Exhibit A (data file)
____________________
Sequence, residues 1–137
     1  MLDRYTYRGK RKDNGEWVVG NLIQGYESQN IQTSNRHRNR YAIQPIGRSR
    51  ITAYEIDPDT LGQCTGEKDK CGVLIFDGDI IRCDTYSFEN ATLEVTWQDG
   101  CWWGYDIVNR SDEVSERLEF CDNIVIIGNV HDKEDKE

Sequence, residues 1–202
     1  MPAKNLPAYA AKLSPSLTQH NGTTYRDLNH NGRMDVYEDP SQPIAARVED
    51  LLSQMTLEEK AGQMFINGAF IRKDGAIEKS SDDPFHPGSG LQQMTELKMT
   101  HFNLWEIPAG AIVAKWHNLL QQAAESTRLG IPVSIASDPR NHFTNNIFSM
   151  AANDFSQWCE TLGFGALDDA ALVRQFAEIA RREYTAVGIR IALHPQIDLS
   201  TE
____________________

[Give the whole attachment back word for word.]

Sequence, residues 1–137
     1  MLDRYTYRGK RKDNGEWVVG NLIQGYESQN IQTSNRHRNR YAIQPIGRSR
    51  ITAYEIDPDT LGQCTGEKDK CGVLIFDGDI IRCDTYSFEN ATLEVTWQDG
   101  CWWGYDIVNR SDEVSERLEF CDNIVIIGNV HDKEDKE

Sequence, residues 1–202
     1  MPAKNLPAYA AKLSPSLTQH NGTTYRDLNH NGRMDVYEDP SQPIAARVED
    51  LLSQMTLEEK AGQMFINGAF IRKDGAIEKS SDDPFHPGSG LQQMTELKMT
   101  HFNLWEIPAG AIVAKWHNLL QQAAESTRLG IPVSIASDPR NHFTNNIFSM
   151  AANDFSQWCE TLGFGALDDA ALVRQFAEIA RREYTAVGIR IALHPQIDLS
   201  TE